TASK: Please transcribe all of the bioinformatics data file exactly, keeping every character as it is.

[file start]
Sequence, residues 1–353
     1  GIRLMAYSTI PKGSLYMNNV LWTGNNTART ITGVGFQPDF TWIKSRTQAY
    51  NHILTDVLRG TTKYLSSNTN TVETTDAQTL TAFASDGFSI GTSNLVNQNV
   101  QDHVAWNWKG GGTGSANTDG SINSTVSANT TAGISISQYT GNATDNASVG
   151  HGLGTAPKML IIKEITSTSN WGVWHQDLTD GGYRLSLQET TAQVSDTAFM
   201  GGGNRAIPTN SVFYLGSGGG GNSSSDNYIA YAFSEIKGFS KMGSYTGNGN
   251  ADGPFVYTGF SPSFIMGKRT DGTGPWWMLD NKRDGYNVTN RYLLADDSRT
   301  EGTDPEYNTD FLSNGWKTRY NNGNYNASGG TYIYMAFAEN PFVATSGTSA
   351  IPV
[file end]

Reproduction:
Sequence, residues 1–353
     1  GIRLMAYSTI PKGSLYMNNV LWTGNNTART ITGVGFQPDF TWIKSRTQAY
    51  NHILTDVLRG TTKYLSSNTN TVETTDAQTL TAFASDGFSI GTSNLVNQNV
   101  QDHVAWNWKG GGTGSANTDG SINSTVSANT TAGISISQYT GNATDNASVG
   151  HGLGTAPKML IIKEITSTSN WGVWHQDLTD GGYRLSLQET TAQVSDTAFM
   201  GGGNRAIPTN SVFYLGSGGG GNSSSDNYIA YAFSEIKGFS KMGSYTGNGN
   251  ADGPFVYTGF SPSFIMGKRT DGTGPWWMLD NKRDGYNVTN RYLLADDSRT
   301  EGTDPEYNTD FLSNGWKTRY NNGNYNASGG TYIYMAFAEN PFVATSGTSA
   351  IPV